There's a tear in your eye,
and I'm wondering why,
for it never should be there at all.
With such pow'r in your smile,
sure a stone you'd beguile,
so there's never a teardrop should fall.
When your sweet lilting laughter's
like some fairy song,
and your eyes twinkle bright as can be,
you should laugh all the while
and all other times smile,
and now smile a smile for me. . . .
In the cruelly aborted audio clip above, everyone knows what's coming next, right? After all, it is perhaps the signature song of this great tenor. And a great tenor he indisputably was; we're going to hear a couple of other selections in a moment.
CAN YOU GUESS THE "TEN GREAT [VICTOR] SINGERS"?
The selection comes from a five-LP RCA Victor reissue set called Ten Great Singers, from about 1960, with one side devoted to each of the ten. My copy is incredibly beat up, which reflects not just its age but the fact that it got taken out and played from a lot over the earlier years of my listening. (I honestly don't recall whether I had anything to do with its acquisition. It may simply have been one of the few classical items in the family LP collection, since my mother had been an opera fan. I may just have appropriated it when I began collecting -- heck, I was the only one listening to the stuff.)
Anyway, if you'd care to try to guess who the "Ten Great Singers" in this c1960 historical anthology were, I can tell you that the male-female distribution is even, and breaks down to: 5 sopranos, 3 tenors, 1 baritone, and 1 bass. And while they were indeed all Victor artists, that doesn't narrow it down for you all that much.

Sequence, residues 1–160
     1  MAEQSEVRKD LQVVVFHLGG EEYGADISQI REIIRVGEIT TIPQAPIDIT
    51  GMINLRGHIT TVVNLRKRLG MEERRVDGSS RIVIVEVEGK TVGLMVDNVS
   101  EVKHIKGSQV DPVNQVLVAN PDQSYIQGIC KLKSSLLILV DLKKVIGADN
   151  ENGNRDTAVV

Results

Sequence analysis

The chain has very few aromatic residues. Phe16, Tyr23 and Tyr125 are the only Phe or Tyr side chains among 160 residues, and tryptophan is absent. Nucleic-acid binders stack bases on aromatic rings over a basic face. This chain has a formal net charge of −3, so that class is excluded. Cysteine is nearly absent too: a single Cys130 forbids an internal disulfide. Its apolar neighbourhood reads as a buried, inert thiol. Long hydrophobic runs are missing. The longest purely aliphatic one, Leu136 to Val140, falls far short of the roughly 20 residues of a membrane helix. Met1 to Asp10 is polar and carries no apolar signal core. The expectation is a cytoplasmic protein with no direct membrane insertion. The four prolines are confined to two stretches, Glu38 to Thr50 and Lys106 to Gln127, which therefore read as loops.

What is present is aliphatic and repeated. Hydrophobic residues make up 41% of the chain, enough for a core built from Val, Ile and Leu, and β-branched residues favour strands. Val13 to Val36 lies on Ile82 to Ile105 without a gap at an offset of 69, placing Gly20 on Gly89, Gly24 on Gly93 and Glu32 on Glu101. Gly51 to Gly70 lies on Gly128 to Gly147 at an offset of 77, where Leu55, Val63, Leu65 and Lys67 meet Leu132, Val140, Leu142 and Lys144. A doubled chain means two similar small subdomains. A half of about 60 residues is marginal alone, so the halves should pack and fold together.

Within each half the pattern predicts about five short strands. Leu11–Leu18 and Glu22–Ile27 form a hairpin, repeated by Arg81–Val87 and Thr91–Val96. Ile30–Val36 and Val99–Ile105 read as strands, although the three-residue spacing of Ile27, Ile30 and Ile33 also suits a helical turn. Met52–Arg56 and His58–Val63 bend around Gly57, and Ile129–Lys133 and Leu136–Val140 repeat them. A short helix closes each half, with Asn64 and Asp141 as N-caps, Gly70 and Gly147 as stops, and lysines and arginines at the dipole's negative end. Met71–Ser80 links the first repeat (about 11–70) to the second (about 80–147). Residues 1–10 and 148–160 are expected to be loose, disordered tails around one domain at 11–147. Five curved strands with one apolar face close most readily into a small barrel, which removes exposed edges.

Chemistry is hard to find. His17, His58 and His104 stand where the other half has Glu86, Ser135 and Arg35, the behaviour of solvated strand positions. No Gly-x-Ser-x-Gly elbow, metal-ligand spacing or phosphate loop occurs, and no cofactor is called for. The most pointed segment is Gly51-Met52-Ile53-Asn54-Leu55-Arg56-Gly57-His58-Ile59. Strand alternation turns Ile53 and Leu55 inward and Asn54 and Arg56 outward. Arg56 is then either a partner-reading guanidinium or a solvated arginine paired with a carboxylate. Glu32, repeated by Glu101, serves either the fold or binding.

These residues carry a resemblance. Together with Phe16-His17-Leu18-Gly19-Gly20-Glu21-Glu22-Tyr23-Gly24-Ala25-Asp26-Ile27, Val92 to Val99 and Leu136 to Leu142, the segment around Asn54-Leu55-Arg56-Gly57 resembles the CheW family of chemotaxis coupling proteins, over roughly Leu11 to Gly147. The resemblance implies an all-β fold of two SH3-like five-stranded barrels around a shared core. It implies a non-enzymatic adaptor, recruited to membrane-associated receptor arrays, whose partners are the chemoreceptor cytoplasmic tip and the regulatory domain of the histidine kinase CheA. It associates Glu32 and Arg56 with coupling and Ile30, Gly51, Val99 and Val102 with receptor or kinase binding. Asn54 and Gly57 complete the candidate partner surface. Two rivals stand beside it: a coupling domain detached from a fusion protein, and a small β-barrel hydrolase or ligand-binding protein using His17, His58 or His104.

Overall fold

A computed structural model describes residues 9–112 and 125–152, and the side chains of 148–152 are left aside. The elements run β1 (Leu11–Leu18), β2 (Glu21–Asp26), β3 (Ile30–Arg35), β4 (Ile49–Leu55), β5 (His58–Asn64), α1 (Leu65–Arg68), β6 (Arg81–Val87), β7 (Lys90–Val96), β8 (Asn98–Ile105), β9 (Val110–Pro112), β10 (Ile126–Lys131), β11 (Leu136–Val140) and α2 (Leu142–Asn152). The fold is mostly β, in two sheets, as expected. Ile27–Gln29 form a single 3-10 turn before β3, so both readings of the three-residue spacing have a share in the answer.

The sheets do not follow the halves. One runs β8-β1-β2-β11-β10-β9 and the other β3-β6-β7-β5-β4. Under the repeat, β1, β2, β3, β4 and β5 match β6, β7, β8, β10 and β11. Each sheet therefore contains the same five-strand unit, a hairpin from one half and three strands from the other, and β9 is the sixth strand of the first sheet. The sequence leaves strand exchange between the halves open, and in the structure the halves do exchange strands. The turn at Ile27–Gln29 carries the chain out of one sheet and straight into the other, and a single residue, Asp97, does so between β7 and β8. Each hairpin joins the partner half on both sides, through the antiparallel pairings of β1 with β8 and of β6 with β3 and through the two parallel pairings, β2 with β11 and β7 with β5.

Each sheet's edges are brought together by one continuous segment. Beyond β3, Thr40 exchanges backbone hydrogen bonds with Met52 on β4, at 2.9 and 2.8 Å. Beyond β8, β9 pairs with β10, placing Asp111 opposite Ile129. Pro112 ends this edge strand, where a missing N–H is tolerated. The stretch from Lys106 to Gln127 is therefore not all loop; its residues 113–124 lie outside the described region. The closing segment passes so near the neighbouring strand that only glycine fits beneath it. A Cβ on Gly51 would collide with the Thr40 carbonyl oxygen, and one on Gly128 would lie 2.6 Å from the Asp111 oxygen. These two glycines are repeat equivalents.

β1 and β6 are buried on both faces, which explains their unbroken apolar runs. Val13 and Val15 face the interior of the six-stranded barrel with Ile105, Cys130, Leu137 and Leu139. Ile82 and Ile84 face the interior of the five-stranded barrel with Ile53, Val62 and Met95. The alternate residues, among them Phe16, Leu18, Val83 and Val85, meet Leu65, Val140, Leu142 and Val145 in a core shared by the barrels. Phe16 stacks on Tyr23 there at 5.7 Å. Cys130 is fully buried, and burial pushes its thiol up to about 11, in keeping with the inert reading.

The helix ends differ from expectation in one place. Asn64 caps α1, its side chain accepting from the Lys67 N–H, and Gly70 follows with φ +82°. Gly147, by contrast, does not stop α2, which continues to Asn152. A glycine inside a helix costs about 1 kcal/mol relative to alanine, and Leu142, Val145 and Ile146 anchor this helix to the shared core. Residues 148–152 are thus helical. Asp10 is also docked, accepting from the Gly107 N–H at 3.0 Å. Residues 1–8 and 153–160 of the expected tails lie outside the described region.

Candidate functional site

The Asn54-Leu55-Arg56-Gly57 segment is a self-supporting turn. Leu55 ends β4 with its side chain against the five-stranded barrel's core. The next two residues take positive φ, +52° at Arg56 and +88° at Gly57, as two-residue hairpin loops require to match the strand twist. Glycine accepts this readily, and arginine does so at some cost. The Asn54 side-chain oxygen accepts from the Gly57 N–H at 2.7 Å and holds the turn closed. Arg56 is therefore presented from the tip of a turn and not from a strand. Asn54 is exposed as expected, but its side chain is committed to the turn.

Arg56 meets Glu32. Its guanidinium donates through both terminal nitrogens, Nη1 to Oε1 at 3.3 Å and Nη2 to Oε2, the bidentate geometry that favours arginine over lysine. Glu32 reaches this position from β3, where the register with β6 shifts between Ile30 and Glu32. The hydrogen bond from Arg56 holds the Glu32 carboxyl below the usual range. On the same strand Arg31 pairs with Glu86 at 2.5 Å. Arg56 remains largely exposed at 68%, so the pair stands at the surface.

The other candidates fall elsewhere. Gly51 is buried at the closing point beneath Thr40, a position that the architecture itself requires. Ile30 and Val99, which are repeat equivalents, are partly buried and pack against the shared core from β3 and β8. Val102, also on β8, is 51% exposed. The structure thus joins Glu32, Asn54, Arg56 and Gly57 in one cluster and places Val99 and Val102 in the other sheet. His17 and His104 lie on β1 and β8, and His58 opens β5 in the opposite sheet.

Now I promised you would hear a little more of our featured artist. Let's start with an aria we've heard a lot, most recently here.
DONIZETTI: L'Elisir d'amore: Act II, Aria, Nemorino, "Una furtiva lagrima" ("A furtive tear")
A furtive tear
welled up in her eye.
Those carefree girls
she seemed to envy.
Why should I look any further?
She loves me, yes, she loves me.
I can see it, I can see it.
To feel for just one moment
the beating of her dear heart!
To blend my sighs
for a little with hers!
Heavens, I could die;
I ask for nothing more.
I could die of love.
-- English translation by Kenneth Chalmers
Now here's an English-language version of a lovely Rachmaninoff song.
RACHMANINOFF: "O cease thy singing, maiden fair," Op. 4, No. 4 (in English)
IN THIS WEEK'S SUNDAY CLASSICS POST
The answers, of course, and more music.